Arthur Conan Doyle, The Adventures of Sherlock Holmes / Der Hound of the Baskervilles
Published by Manesse, Bibliothek der Weltliteratur, 1981
No, Sir Arthur Conan Doyle did not receive his knighthood for his stories about Sherlock Holmes, even though his readers think he would have deserved it.
Doyle’s private detective Sherlock Holmes and his unfailing intuition have had a long-lasting influence on the detective novel. Since 1887 a pattern has been established for the detective story: the whodunnit. It begins with the crime. And the crime is a mystery. Its gruesome and spooky nature reveals itself neither to the witnesses, nor to the police, who with its limited resources fails to solve the crime. Sherlock, the ingenious detective, alone is able to shed light on the events by paying attention to minute detail and his brilliant deductive skills. The readers’ experience resembles that of Dr Watson, Sherlock Holmes’ untiring companion. He cannot unravel the mystery until the very end, when Sherlock reveils it in a dramatic final scene.
So far, so good. What Sherlock Holmes is doing here doesn’t seem too much out of the ordinary since detective stories in the style of Sherlock Holmes have become ubiquitous. Take Gilbert Keith and his Father Brown, Agatha Christie’s Hercule Poirot and Miss Marple, Umberto Eco’s Franciscan monk William of Baskerville – they all represent the ultimate detective story following Doyle’s pattern.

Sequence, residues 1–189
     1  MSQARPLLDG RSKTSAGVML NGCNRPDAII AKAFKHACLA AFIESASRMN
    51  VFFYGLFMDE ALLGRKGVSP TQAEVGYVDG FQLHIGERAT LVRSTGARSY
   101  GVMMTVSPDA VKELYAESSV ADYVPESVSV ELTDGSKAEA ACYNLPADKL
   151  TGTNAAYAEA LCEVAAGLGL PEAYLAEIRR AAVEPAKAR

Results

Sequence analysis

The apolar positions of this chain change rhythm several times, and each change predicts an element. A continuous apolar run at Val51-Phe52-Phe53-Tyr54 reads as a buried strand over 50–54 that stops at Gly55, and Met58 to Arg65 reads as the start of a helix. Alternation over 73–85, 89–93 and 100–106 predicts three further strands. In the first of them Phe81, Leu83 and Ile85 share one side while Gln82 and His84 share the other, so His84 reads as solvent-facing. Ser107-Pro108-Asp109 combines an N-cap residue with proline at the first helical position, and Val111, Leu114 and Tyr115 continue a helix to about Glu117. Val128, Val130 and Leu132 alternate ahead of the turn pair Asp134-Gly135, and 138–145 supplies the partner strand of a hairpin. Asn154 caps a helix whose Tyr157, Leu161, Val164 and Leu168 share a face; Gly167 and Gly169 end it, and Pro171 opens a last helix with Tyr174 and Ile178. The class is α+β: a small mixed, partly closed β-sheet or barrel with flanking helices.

But there is more to the stories of Sherlock Holmes than just their plot. They are a perfect mirror image of English society at the turn of the century. We meet all the gentlemen of the city of London in their natural habitat, all the adventurers of the British Empire, which are haunted by their past. We are guests in clubs and country estates, and we meet the guttersnipes that Holmes likes to hire for his investigations. Women tend to play a minor role. With one exception. In “A Scandal in Bohemia” Sherlock Holmes finds an antagonist in Irene Adler who is not only his equal but one step ahead of him. It’s very telling that Irene Adler is not from British descent but from Bohemia, a very exotic place for the Londoners of the time.
Doyle’s novels achieve an effect of realism that is so powerful many readers insist on understanding Sherlock as a real person and mourning his literary death. This makes treating the novels not as literature but as historical sources a very special intellectual enjoyment.
Arthur Conan Doyle wouldn’t have minded. He tired of Sherlock Holmes soon anyway and tried to attract the public’s attention with other ambitious projects. He crossed theMaienfelder Furka on skis, took part in the Boer Wars, and published a fierce pamphlet on the (very real) atrocities of the Belgian King in the Congo. But what is a genocide compared to the ingenious schemes and crimes of a Professor Moriarty?
It may have come as a consolation to Arthur Conan Doyle that at least the Queen held him in esteem for other life achievements than writing Sherlock Holmes and awarded the knighthood for his work on the Boer Wars.
Translated by Teresa Teklić